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Synchronicity Theatre’s ‘Mac Beth’ is Eerie, Gender-Inclusive

Those who are familiar with William Shakespeare’s “Macbeth” would least expect to find a cast of Catholic schoolgirls putting on the show in an eerie clearing in the woods. But Synchronicity Theatre’s “Mac Beth” begins with this very scene: Seven Catholic high school girls in uniforms gathered to put on their own interpretation of the famed Scottish play. 

For the actors, this presents a complicated challenge: to portray a schoolgirl who is also portraying one of Shakespeare’s characters. 

“Any time you watch Shakespeare, perform Shakespeare, read Shakespeare, there is no subtext,” Ash Anderson, one of the actors in the show, said. “They mean exactly what they say. What’s interesting about this Macbeth adaptation is that it’s all subtext. The entire time, you are a Catholic school girl portraying a character.”

Anderson identifies as non-binary and uses they/them pronouns. 

In this specific show, the schoolgirl that each person is portraying is called their “Becky.” Anderson simultaneously is playing their “Becky” and their character in the show, Banquo.

“Becky is definitely playing Banquo,” they said. “She’s having a ton of fun, and she’s just playing with her friends. And as certain triggers happen, she ends up aligning with Banquo. Her Becky and her Banquo are thinking about the same things. There’s this betrayal that happens to both Becky and Banquo, where their life experiences meet.”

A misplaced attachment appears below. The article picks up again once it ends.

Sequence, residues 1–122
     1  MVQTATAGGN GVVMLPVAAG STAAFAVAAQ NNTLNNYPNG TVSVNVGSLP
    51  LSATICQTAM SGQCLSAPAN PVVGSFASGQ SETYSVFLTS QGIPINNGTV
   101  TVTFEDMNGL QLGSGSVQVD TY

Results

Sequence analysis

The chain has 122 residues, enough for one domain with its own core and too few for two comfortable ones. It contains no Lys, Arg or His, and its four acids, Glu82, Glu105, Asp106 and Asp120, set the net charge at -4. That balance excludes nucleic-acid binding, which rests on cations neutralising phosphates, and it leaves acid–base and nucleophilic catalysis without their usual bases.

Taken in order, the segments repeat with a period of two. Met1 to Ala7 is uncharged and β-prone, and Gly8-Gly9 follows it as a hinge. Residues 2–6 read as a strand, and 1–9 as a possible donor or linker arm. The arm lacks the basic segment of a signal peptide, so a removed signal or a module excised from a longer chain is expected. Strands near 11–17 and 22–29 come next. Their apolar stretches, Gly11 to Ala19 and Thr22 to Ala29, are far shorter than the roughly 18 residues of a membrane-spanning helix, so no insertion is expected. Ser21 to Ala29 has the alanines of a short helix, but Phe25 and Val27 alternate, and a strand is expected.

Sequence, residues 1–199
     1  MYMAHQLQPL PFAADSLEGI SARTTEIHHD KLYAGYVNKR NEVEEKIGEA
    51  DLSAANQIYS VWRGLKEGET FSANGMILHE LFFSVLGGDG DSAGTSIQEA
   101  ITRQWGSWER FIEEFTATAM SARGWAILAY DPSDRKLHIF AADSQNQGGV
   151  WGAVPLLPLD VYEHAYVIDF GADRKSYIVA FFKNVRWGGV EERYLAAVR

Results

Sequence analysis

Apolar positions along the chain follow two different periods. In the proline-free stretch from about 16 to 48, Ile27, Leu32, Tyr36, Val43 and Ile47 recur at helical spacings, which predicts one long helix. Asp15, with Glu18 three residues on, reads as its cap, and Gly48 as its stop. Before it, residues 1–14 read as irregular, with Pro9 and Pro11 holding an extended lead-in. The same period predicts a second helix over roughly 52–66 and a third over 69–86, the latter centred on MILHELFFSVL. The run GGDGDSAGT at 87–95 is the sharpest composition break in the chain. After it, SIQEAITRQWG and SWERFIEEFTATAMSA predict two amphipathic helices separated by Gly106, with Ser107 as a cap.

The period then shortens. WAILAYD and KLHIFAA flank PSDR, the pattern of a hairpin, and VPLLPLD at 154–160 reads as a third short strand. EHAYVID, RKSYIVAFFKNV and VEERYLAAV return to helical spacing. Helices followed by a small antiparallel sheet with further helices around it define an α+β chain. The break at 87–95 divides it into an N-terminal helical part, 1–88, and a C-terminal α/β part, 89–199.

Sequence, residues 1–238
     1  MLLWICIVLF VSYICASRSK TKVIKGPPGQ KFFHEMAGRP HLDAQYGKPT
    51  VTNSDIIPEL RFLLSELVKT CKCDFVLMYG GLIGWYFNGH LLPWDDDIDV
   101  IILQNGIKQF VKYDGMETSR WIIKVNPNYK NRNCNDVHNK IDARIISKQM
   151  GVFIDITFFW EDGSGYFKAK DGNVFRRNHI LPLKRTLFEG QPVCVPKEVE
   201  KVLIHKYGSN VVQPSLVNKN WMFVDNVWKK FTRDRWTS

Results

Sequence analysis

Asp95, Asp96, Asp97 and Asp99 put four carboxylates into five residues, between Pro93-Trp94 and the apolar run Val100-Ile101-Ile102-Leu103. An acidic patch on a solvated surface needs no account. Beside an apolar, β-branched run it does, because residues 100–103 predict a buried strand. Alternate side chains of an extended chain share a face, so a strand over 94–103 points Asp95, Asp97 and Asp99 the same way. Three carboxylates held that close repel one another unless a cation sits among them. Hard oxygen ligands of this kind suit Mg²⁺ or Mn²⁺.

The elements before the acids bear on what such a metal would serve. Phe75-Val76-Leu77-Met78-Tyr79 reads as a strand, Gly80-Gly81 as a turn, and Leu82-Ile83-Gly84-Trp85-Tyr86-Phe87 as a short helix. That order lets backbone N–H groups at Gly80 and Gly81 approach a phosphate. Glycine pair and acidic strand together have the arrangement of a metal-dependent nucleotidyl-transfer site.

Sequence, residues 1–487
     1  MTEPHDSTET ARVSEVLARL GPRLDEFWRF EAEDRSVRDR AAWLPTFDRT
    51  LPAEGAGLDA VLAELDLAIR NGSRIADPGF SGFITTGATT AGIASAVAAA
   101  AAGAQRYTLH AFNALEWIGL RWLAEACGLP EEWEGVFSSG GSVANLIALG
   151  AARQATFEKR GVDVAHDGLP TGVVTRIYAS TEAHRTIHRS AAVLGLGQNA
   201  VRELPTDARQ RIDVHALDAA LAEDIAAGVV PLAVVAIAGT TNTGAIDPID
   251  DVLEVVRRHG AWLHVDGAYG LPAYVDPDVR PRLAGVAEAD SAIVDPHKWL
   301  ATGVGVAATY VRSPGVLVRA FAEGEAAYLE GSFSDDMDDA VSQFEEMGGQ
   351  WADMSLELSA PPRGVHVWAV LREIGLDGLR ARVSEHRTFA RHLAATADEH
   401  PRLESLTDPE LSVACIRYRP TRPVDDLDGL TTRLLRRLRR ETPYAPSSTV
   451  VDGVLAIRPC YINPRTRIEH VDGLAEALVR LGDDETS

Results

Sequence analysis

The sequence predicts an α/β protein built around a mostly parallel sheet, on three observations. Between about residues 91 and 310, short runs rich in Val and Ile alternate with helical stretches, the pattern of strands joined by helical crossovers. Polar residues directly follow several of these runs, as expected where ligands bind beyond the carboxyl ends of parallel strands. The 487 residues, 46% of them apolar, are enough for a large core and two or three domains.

Although the themes of Shakespeare’s original text are very serious, the girls appear to be feeling completely careless and lighthearted towards the play they are performing.

“It’s just teenage girls talking words that happen to be 400 years old,” Jennifer Alice Acker, the director of the show, said. “The playing style and the way that the words sound is completely different from any Shakespeare play I’ve ever heard. They find really delightful moments, like where Shakespeare maybe intended it one way, but these girls wouldn’t understand that, so they find a completely fresh new way to say it.”

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However, as the play progresses, the girls’ attitudes gradually shift from having a fun time to feeling dark, violent emotions.

“The nature of cruelty can exist within social dynamics with younger people who are socialized to not act this way,” Abby Holland, the actress playing a variety of characters including Witch #3 and Malcolm, said. “The text lets us as girls express those things that we’re actually feeling. The fights get progressively more realistic and more painful. Those are feelings that these girls are not able to express in their real lives, and so they take it and express it through the lens of this play.”

The show develops an increasingly more serious tone, building up to a shockingly creepy ending, fitting for the spooky season of October.

“It’s all fun and games until it’s not,” Acker said. “It’s really an eerie show at the end of the day. We have all the fun tropes of Halloween, which are ghosts, murder, horror, but then we also have something that drops into real, actual horror genre by the end of the show, and that is thrilling. It will absolutely get people in the Halloween spirit.”